The Yoga tablet that we just launched is the only tablet with a built-in pico projector. Obviously, there is a notion around the conception of that product that it is meant for entertainment. Most tablets are consumption devices. The No. 1 thing that people do on their tablet and growing is watching videos. Where that used to be short-form 30-second clips, is now longer-form TV shows and movies.
Se we wanted to show a different way of entertaining using a tablet device.
TWICE: What is your biggest challenge coming into your new role?
Abary: There are fairly high aspirations that we have for the consumer business here at Lenovo, and I think that one of the things that we have to do is build up the Lenovo brand from a consumer standpoint. We’ve done a wonderful job with that on the commercial side with ThinkPad, and one of the biggest challenges we have ahead is to create the brand and brand presence to the consumer demographic that we are targeting.
First and foremost, we’ve got to proportionally increase our investments in marketing, relative to the growth that we expect. So more investments that you are going to see from us will be in brand building. We’ve introduced Ashton Kutcher as “our product engineer” to help us to promote the products, and while he may not be as well known a presence globally, he is certainly a major presence here in North America, and we plan to leverage him to associate his tech knowledge and expertise to Lenovo.
The second thing we are going to do is work very closely with the channel and our retail partners in regards to showing that Lenovo is a brand with a lot of presence in retail. This is both online and offline, so this involves not only our brick-and-mortar partners but our online partners as well. We are also going to over invest in areas like digital marketing. Obviously, having great consumer products is a given. Our innovation in that area — like the Yoga tablet with pico projector and the Yoga 3 — are some examples of how we are going to use innovation to build our awareness through great consumer devices to represent our brand well.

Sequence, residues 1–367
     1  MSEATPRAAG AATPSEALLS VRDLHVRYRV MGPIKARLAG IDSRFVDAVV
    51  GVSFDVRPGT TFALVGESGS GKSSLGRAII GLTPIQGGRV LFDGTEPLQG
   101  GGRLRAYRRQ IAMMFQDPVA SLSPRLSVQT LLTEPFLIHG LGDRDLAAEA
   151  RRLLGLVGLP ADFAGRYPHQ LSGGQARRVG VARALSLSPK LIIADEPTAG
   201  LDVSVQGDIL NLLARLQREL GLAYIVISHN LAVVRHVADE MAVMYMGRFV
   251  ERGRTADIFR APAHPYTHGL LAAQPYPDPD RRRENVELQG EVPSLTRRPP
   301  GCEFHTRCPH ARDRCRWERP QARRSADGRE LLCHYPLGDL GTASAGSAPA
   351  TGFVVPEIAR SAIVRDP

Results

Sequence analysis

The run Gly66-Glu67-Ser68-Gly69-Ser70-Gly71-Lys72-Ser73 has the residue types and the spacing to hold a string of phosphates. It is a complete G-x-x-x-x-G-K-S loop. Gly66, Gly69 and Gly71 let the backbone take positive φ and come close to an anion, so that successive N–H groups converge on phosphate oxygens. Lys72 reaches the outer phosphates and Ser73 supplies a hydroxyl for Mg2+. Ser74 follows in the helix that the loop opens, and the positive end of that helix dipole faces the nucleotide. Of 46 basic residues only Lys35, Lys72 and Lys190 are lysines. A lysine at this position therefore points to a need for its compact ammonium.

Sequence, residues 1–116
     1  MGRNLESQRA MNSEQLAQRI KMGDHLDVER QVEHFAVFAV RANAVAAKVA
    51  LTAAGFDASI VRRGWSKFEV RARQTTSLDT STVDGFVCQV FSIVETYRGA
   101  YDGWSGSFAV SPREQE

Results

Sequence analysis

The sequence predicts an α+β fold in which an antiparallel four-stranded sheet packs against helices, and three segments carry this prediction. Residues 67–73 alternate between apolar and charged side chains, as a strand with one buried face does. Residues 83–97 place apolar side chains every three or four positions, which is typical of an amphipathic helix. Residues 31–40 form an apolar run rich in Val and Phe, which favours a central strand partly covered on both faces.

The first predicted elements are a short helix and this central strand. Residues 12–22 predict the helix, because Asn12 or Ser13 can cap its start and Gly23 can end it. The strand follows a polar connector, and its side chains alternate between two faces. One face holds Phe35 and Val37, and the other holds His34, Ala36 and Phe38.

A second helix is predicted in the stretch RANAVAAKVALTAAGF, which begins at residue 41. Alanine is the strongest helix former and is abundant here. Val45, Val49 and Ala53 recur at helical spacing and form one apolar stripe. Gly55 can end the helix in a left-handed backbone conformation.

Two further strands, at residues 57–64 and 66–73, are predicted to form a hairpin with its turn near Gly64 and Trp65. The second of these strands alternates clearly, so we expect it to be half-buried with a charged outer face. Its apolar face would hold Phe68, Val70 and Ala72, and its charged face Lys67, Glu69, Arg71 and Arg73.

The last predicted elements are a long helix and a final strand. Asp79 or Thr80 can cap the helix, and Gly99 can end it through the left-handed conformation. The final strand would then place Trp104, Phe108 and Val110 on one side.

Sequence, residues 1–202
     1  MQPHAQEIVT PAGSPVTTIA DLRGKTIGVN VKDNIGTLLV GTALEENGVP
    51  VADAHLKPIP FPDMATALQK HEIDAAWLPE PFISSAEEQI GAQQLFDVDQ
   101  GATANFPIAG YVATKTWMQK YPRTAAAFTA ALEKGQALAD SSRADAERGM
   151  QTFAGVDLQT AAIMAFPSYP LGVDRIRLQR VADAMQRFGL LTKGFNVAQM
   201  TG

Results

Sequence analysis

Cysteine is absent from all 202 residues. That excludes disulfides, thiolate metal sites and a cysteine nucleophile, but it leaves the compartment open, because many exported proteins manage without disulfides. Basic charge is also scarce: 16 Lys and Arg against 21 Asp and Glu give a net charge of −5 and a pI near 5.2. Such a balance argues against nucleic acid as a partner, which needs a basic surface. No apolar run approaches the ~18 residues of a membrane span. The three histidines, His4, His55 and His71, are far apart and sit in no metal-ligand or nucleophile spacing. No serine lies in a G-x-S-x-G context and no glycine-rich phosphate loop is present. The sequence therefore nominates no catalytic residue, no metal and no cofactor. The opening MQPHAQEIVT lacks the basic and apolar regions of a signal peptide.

TWICE: The Chromebook business has been one of the fastest-growing segments of the business. How are you addressing that?
Abary: Our Chromebook roadmap for the coming year is quite robust. We are committed to that category, and you are going to see Lenovo play there in a fairly significant way. Where the category is doing well is mostly in the education space, and, more specifically, K-12. We have seen significantly robust growth coming from that vertical for Chromebooks, and that was the case even at my former company [Samsung]. The reason why is because the price points are very competitive, for budget-constrained vertical segments, and, second, Cloud-based computing that is not reliant on a conventional operating system is conducive to education. So the solution itself makes sense for that segment.
TWICE: What are Lenovo’s plans for the holiday season that’s upon us?
Abary: We are focused on the continued innovation of our products, like Yoga. We are going to ensure that we are present and making the investments in the spaces that we need to in order to build our brand. We are going to participate in holiday promotions. So you are going to see more activity from us, mostly around the consumer business, given that it’s on the holiday season. We are working with retailers now on holiday promotional activity. They’ve seen from us greater participation in holiday activity than perhaps the prior year. You will see that plus more going right into next year as we continue to grow our consumer business more significantly.